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The Sudanese government, once globally ostracized for sponsoring terrorist activities and human rights abuses, is currently enjoying unprecedented foreign relations with a number of countries, including Western powers.
Germany actively engages with Sudan, especially with regards to curbing refugee flows to the continent. The country has provided over €80 million to development projects in Sudan dealing with immigration, and recently the two countries met up to discuss joint efforts to combat illegal migration and human trafficking.
Italy, like Germany, has also taken measures to curb refugee flows. In August, Italy signed an agreement with Sudan to curb irregular migration into the country and later repatriated a group of Sudanese nationals attempting to cross the border at France – a move that the UN refugee agency, UNHCR, claims may have violated international law.
EU member states are not the only countries that have fostered new relations with Sudan recently. In previous times Sudan had maintained a close relationship with Iran but, desperate for revenue, shifted allegiances to Iran’s regional opponent, Saudi Arabia. Sudan and Saudi Arabia have forged a new, amiable relationship, especially in the fields of military and economic investment. Several sources have attested that the Kingdom granted at least $5 billion in military assistance to Sudan earlier this year, in return for its participation its participation in the Yemeni civil war.
Even Israel has been optimising relations with Sudan since the country’s distancing from Iran. Previously Israel regarded Sudan’s alliance with Iran as a threat, especially as it meant that weapons could funnel into the Gaza Strip from Iran, via Sudan. But now as Israel regards Sudan as less threatening, it has extended statements to its Western allies to increase cooperation with Sudan.
In addition to fairly recent relations with foreign countries, Sudan remains a steadfast ally to Russia, having maintained diplomatic relations with the country for 60 years. Bashir’s government has historically faced isolation from the West, and Russia is seen as a major ally for Khartoum. Russia, in the meantime, has sought out economic investment opportunities from Sudan. In 2014 both countries agreed to promote cooperation in a wide range of areas, including mineral prospecting and the financial sector. Bashir is even scheduled to visit Russia soon to discuss furthering mutual cooperation and bilateral relations.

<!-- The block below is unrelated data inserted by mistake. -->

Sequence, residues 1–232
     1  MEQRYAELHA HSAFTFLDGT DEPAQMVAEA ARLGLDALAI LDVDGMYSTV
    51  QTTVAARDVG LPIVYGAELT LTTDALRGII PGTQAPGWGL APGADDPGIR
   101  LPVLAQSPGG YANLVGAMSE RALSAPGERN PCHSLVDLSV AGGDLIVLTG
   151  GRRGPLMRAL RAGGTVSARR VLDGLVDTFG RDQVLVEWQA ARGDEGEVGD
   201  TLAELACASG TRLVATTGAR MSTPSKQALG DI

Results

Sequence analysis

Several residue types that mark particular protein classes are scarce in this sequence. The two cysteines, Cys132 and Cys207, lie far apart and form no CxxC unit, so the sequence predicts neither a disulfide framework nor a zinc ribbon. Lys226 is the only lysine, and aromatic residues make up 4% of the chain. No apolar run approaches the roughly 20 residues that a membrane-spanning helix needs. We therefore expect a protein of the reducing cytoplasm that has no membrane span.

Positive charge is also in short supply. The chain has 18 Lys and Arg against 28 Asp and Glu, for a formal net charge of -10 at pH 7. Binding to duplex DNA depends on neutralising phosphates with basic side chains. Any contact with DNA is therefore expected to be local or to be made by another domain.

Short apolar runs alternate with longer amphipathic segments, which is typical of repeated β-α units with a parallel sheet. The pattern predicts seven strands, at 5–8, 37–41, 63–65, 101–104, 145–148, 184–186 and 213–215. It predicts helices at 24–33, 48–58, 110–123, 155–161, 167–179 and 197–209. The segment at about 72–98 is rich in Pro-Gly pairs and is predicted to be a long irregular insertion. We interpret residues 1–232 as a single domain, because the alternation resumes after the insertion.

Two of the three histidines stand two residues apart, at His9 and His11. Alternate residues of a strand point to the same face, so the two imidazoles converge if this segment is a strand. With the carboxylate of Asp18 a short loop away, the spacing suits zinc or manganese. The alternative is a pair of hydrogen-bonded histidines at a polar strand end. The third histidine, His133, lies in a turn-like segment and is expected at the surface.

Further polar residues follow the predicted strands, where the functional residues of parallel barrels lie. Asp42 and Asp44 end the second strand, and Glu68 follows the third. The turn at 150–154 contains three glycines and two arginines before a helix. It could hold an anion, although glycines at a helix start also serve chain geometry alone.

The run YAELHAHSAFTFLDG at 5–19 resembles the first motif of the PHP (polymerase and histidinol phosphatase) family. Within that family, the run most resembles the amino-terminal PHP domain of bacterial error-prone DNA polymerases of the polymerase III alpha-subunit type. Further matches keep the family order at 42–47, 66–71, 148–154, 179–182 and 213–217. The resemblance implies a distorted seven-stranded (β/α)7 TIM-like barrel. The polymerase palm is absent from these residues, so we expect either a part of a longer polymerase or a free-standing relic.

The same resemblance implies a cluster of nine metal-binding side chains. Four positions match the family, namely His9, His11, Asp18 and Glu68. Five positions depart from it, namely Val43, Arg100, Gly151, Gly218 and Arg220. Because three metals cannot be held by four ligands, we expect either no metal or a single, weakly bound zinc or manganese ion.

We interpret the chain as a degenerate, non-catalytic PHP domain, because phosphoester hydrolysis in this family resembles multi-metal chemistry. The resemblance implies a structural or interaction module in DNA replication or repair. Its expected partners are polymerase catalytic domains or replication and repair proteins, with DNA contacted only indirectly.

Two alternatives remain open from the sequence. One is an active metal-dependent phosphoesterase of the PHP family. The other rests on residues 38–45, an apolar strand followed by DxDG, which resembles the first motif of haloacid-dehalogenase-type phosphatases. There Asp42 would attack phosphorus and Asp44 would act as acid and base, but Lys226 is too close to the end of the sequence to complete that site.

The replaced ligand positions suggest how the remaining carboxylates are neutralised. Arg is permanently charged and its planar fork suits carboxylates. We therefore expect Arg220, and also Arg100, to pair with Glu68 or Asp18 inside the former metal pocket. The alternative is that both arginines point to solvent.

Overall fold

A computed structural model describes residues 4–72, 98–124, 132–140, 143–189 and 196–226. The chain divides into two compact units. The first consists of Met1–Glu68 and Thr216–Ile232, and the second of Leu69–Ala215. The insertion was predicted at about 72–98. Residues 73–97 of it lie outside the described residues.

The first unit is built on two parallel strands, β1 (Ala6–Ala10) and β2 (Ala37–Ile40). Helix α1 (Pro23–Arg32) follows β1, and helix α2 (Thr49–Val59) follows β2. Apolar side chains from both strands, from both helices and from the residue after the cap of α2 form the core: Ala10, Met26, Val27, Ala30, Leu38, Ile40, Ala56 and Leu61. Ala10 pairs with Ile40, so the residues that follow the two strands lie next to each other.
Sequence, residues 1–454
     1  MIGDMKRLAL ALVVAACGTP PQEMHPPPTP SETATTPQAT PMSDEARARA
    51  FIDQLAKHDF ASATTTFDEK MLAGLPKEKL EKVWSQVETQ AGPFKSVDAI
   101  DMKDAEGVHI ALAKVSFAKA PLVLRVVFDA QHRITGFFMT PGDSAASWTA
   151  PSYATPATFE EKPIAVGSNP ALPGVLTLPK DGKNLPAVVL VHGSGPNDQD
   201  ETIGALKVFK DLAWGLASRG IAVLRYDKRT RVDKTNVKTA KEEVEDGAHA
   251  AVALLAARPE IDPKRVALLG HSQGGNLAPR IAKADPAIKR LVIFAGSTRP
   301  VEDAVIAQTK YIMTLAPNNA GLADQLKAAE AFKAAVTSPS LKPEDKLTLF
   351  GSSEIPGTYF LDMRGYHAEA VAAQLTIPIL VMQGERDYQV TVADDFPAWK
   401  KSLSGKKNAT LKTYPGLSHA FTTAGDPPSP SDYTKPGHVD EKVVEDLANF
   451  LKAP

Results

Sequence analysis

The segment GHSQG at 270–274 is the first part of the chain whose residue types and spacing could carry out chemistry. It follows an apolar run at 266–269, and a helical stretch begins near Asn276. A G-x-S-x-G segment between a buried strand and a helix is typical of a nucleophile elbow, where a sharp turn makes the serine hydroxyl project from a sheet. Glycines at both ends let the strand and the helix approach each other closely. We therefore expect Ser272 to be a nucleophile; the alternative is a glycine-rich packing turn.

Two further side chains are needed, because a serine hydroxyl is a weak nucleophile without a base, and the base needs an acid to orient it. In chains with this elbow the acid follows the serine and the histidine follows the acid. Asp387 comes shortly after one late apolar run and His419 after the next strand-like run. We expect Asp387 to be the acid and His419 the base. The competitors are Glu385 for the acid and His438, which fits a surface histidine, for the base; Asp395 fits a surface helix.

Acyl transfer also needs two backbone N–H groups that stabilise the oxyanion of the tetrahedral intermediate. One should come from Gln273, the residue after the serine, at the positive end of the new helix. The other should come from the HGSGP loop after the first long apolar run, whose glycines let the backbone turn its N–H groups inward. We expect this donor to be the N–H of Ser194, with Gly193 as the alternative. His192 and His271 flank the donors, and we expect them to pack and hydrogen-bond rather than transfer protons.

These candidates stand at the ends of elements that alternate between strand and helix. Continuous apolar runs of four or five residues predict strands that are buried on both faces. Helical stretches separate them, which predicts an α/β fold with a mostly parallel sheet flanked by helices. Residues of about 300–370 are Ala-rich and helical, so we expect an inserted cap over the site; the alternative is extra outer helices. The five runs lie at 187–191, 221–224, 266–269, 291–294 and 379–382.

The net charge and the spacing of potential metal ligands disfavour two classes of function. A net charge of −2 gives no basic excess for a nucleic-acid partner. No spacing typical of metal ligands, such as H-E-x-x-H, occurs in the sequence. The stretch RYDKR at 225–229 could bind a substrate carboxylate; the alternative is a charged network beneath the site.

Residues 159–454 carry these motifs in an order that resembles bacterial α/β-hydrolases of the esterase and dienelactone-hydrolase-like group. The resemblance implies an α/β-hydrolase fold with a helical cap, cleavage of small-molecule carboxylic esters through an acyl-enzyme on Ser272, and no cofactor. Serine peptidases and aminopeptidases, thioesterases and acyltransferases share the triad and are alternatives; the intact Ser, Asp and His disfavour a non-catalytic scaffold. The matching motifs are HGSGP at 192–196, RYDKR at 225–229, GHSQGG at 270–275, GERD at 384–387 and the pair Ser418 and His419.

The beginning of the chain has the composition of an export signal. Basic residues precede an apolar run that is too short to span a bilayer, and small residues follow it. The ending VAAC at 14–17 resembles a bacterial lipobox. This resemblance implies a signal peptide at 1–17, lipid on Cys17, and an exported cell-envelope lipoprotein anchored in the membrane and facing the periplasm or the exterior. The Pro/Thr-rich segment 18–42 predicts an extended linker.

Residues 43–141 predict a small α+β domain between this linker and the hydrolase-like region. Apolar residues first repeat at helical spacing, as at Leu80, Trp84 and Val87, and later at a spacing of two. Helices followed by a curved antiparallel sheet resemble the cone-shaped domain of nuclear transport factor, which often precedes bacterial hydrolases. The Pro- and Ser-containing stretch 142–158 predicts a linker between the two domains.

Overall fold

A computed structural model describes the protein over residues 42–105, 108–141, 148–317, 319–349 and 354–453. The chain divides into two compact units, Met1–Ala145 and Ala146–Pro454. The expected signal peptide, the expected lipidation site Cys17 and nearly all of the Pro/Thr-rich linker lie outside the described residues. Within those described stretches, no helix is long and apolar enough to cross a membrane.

Indications of Russia’s support for Sudan manifested when Russia blocked a UN Security Council report in December 2015, which linked Musa Hilal, a former leader of the infamous pro-government militia ‘Janjaweed,’ to gold profiteering in Darfur. The report was blocked on the grounds that, according to Russia, the Security Council should have been focused on promoting peace and security throughout Sudan instead of monitoring and condemning the gold industry. Russia regarded the report as “extremely biased,” and as a campaign to weaken Khartoum rather than to promote peace and security in Darfur.
Similarly, China has provided political support and a pivotal economic role with Sudan. In particular, China has maintained domineering control of Sudan’s oil fields. Chinese companies, which began working in Sudan in 1996, control 75 percent of Sudan’s oil sector. Over the last two decades Beijing has invested more than $20 billion in Sudan; something that has contributed greatly to the Sudanese economy and for which China has provided low-interest loans and weapons to Sudan in return.